For all its mirthful intentions, Billy Bob’s Holiday Hoedown suffers substantially from undercooked comic material, and from broadly played performances that are often commensurately overdone. The latter might well be the byproduct of the energetic players’ desperate attempt to compensate for the script’s lack of meat.
The setting is Christmastime in small-town Alabama, in the front yard of the Judkins’ double-wide, where good-natured Billy Bob lives with Memaw and Pepaw. Billy Bob has a dream: to get together all his kin and friends, form a family-type band and get a big music contract in Nashville. He’s got one big connection—his sister Thelma Louise is married to a big-shot Music City producer. But the producer cheats on Thelma Louise, and she suddenly shows up teary-eyed at the homestead. Meanwhile, cousins, offspring and local characters gather together to work through the potential musical selections, which—unbeknownst to them, of course—are primarily a collection of song parodies and comedy numbers from co-authors Jamey Green and Lewis Kempfer,
Part of the setup here involves the family band rehearsing their material, and it’s supposed to be funny when they pretty much butcher the songs (especially since they’re striving to be “even bigger than Donna Fargo”). Yet when talented actor-singers merge with less-talented actor-singers to pretend that they are all untalented folks, the results are simply confusing.
Kempfer and Green push their predictably lightweight scenario forward in loud, slapdash fashion, poking redneck fun at the country music biz, TV specials such as John Denver and the Muppets: A Christmas Together and A Charlie Brown Christmas, stage shows such as A Sanders Family Christmas, and even the local theater scene (with a reference to “Old Man Chaffin’s barn”). There’s also a subplot involving a missing manger from the town Nativity scene, which only serves to derail the action.The staging, co-credited to Green and Laura Skaug, looks a bit sloppy, but when the cast comprises nothing but bumbler types, it’s often impossible to perceive intent.
There are a few tunes that manage to impress with some combination of wacko humor or spirited musicality. These include the ensemble number “A Country Christmas,” a duet by the tarty Herbig sisters (Megan Murphy and Melodie Madden Adams) called “Unwrap My Love (This Christmas Morning)”—which includes the line, “open up my box and look inside”—and also “Ode to a Lamp,” in which interesting and elaborate vocal harmonies regale a novelty song that couldn’t be less pertinent to the story.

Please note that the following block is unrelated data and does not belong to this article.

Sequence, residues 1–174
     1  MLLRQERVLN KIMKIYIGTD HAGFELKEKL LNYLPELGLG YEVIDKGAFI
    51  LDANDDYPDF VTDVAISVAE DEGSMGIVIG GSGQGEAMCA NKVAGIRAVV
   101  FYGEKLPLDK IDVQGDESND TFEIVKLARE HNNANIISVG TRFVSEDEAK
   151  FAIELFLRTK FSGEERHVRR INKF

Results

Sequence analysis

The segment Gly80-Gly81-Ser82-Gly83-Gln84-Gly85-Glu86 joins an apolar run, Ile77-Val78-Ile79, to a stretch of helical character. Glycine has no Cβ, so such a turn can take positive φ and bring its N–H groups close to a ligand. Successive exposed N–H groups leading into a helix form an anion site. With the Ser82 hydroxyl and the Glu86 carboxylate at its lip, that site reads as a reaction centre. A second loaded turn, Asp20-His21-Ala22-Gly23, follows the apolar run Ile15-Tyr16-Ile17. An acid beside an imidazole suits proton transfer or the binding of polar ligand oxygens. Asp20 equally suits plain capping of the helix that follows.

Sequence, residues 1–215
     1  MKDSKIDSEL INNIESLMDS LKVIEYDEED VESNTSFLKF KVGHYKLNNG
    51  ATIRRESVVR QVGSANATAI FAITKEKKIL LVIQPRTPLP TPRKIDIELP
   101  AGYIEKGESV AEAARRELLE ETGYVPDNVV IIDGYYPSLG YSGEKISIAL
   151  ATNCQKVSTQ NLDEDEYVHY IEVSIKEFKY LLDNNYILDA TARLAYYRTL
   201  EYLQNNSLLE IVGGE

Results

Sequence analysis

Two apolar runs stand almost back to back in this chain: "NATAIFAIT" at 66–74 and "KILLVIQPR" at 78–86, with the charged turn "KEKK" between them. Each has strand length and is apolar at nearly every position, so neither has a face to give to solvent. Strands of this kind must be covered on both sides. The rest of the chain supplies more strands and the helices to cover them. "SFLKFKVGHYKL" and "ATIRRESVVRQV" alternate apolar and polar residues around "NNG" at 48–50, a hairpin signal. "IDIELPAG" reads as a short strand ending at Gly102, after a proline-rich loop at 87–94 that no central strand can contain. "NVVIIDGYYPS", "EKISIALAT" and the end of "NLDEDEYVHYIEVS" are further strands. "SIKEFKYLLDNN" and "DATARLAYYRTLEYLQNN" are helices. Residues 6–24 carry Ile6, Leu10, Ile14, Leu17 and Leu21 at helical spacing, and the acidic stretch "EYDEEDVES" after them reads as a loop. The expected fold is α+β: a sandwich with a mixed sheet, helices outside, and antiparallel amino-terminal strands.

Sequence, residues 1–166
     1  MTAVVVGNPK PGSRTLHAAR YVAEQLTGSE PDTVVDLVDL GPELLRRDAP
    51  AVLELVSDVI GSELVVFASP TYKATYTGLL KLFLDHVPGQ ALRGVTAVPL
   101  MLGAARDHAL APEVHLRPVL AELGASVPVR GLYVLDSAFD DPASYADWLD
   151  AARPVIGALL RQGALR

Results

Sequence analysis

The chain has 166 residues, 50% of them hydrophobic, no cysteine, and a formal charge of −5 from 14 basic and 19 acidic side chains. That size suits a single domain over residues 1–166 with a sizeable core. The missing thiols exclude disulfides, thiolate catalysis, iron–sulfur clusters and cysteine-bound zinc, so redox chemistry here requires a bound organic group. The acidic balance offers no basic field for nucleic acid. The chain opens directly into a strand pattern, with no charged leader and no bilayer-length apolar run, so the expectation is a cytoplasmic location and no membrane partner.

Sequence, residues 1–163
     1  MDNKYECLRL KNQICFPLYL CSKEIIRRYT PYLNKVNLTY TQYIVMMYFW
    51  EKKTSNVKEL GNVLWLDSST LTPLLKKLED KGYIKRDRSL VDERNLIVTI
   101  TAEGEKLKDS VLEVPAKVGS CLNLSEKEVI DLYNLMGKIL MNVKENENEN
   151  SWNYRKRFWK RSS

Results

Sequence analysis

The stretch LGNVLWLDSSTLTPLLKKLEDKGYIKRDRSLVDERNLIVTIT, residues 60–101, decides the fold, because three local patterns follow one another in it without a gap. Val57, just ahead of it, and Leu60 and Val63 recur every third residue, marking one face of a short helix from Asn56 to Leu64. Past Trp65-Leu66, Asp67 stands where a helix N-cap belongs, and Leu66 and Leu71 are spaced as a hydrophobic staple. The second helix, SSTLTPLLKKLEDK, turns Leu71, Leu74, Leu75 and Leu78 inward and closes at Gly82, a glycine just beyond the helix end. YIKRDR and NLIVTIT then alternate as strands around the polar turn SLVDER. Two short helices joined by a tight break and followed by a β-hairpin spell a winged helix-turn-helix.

Nine-year-old Delaney Jacoway gets two solos, including the zydeco-flavored “Papa Noel.” She’s cute as a button, but it’s often nigh impossible to understand her lyrics—and if we’re focusing too much on the kiddie performers, then the grown-ups might be in trouble. (Jacoway shares this role with three other youngsters throughout the show’s run.)
Specific parody numbers lampoon Jerry Herman’s “We Need a Little Christmas” from Mame and Vince Guaraldi’s “Christmas Time Is Here.” Another takeoff, “Memaw Got Messed Up by Santa’s John Deere,” does have some legit laugh value. In a more straightforward vein, Lauri Bright offers a rendition of the standard “Merry Christmas, Darling,” but her voice sounds thin, and it’s definitely not her best work.
Mostly, the rest of the performers get stuck trying to make funny with a generally mediocre script, and even the usually excellent Murphy ends up mugging for (attempted) comic effect. As Billy Bob, Stephen Henry courageously tries to hold the plot together, and he succeeds once in a while. Also, Laura Thomas brings a likable presence to her minor role and sings very nicely.
Things don’t really get interesting until the “Grand Finale,” when the cast starts chorusing traditional holiday favorites without mocking them, running medley-style through “Silent Night,” “Go Tell It on the Mountain,” “Oh Come, Oh Come Emmanuel” and “I Heard the Bells on Christmas Day.” This attempt to wrap the evening up in a tidy little bow elicits some warm and fuzzy moments, but also makes you wish they’d gotten to this kind of fare, schmaltzy as it is, a little sooner.Discerning theatergoers looking for live seasonal entertainment can do better than Billy Bob’s Holiday Hoedown, but if irreverence is what you want, there’s a little of it herein.
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